When the yield curve is steep (when the interest rate spread is wide), this is a strong predictor of economic weakness. It often occurs when the Federal Reserve attempts to combat economic weakness by decreasing its overnight rate, which decreases borrowing costs and so stimulates lending, which is theoretically utilised to make purchases and stimulate the economy. The issue is that the low overnight rate raises inflationary fears among fixed-income dealers, as inflation reduces the value of future principal and interest payments on bonds. As a result of this anxiety, traders sell their longer-term bond holdings, which are more at danger of losing value due to inflation, lowering their prices and increasing their yields. These activities result in a wider interest rate spread, with a lower short-term rate and a higher yield on longer-term instruments — implying a steeper yield curve.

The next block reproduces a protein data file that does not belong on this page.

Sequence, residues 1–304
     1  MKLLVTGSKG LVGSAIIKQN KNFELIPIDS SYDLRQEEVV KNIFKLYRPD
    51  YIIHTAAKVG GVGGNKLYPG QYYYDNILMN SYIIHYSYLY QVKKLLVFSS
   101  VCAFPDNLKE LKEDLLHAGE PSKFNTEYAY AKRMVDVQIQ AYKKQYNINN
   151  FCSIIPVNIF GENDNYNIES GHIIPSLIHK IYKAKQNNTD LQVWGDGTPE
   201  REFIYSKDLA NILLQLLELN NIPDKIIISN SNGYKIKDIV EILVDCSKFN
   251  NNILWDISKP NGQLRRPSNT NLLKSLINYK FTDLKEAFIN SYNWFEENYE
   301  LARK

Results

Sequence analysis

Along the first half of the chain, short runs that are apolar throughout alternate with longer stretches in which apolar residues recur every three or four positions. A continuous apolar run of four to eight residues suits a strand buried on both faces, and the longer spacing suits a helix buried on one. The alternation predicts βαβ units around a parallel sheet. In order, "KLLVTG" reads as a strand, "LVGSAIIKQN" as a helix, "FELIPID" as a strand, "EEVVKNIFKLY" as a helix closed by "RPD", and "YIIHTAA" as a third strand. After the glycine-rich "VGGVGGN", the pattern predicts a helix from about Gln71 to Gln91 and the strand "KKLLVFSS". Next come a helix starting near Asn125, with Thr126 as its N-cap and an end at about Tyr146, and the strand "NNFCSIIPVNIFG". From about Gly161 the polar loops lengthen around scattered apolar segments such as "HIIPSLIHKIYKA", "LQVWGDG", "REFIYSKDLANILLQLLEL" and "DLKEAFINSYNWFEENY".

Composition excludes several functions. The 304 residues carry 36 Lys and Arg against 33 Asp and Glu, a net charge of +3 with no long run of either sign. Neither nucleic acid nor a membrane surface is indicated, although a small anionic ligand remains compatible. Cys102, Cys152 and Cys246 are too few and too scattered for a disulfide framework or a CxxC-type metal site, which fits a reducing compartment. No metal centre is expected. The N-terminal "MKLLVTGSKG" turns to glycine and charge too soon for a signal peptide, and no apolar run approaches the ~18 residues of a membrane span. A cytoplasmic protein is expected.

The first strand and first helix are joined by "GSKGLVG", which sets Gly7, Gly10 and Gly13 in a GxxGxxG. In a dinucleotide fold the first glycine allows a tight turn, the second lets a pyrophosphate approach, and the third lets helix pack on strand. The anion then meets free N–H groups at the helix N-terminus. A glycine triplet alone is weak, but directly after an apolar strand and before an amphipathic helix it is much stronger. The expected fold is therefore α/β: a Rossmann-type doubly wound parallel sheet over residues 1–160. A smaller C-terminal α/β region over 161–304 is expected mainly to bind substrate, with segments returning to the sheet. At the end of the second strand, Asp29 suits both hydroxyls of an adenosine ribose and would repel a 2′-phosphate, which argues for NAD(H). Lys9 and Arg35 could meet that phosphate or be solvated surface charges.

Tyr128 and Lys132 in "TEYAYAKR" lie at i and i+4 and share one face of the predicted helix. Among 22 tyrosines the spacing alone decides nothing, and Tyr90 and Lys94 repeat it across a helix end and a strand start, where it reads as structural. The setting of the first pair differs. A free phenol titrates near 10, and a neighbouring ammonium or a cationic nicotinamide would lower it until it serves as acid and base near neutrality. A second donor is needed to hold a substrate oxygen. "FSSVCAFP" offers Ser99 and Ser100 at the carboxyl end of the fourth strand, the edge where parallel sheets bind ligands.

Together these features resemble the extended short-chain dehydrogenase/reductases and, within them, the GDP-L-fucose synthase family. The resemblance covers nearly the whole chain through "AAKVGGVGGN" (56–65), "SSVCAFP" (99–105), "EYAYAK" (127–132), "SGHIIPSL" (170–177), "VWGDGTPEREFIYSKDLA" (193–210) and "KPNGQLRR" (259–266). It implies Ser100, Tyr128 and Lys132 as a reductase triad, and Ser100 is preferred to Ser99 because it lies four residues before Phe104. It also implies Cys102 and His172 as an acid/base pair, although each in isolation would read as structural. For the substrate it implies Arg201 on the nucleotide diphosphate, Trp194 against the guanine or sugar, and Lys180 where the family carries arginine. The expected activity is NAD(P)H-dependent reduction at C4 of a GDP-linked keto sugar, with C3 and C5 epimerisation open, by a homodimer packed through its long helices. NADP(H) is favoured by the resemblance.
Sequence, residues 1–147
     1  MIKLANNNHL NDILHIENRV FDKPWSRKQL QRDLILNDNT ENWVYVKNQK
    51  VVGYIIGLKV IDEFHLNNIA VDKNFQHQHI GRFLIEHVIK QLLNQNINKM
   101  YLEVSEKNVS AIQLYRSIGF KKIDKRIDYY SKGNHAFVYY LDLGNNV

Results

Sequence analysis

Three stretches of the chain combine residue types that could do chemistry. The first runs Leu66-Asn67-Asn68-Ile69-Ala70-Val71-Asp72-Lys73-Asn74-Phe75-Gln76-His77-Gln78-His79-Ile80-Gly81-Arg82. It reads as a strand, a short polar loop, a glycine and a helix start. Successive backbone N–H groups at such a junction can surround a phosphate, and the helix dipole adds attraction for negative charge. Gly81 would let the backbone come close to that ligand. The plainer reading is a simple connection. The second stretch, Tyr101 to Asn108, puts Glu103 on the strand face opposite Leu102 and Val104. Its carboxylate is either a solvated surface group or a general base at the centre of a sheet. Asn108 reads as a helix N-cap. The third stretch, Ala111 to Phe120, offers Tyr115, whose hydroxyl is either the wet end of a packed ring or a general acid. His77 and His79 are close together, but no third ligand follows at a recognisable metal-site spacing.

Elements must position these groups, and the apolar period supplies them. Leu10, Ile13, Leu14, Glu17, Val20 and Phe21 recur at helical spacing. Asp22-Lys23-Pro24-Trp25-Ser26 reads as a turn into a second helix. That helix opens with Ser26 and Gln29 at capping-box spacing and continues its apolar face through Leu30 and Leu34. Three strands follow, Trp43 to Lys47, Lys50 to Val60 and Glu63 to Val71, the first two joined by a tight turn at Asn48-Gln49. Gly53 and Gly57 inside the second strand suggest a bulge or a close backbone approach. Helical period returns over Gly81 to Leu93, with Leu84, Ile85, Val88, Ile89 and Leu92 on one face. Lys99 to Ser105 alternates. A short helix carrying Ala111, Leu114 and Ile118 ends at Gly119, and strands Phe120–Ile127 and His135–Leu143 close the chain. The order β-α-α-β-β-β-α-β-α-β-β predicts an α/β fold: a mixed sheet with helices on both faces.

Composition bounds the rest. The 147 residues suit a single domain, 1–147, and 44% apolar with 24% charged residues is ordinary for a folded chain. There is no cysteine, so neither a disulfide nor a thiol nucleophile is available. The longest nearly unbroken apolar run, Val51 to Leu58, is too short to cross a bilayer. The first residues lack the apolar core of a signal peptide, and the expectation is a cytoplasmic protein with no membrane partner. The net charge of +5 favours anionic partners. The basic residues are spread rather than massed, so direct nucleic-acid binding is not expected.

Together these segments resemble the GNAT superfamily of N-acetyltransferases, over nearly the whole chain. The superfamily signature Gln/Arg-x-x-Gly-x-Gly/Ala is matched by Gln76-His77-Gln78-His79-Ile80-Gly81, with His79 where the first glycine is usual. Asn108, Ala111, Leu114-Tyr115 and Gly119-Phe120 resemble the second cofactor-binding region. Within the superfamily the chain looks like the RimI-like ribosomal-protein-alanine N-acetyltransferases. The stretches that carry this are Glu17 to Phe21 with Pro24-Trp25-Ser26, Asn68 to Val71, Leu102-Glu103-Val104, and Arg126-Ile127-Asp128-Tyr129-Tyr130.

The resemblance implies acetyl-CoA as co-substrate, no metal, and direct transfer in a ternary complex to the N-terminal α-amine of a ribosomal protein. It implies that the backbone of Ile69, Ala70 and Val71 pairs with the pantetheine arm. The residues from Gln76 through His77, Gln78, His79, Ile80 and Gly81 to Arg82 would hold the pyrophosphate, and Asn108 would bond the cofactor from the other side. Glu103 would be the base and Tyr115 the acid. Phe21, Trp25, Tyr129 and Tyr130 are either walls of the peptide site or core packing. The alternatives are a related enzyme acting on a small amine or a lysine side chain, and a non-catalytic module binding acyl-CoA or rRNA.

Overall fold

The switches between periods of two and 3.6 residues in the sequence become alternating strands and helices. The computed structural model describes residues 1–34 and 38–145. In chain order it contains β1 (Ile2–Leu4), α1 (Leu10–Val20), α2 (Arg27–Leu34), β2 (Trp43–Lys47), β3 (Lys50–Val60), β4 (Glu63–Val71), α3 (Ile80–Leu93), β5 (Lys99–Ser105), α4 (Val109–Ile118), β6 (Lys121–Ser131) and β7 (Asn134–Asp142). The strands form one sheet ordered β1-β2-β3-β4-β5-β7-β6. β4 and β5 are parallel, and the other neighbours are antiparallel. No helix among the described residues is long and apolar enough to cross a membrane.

The converse can also occur. The Fed may opt to boost interest rates to cool a hot economy, as a higher rate restricts borrowing and hence dampens spending. This minimises the risk of long-term inflation, which encourages fixed-income traders to purchase longer-term bonds, rising their prices and decreasing their yields. The end consequence is a flatter yield curve, as short-term interest rates rise and long-term interest rates decline. When this reversal occurs more rapidly, the yield curve can invert, with short-term rates exceeding long-term rates. An inverted yield curve is a reasonable predictor of recession, as fixed-income traders anticipate a sluggish economy in the future, which supports their longer-term expectation of low interest rates. The inverted yield curve is not a perfect predictor of recessions, as it has forecasted multiple recessions that never materialised.
rate term structure
Annual percentage yield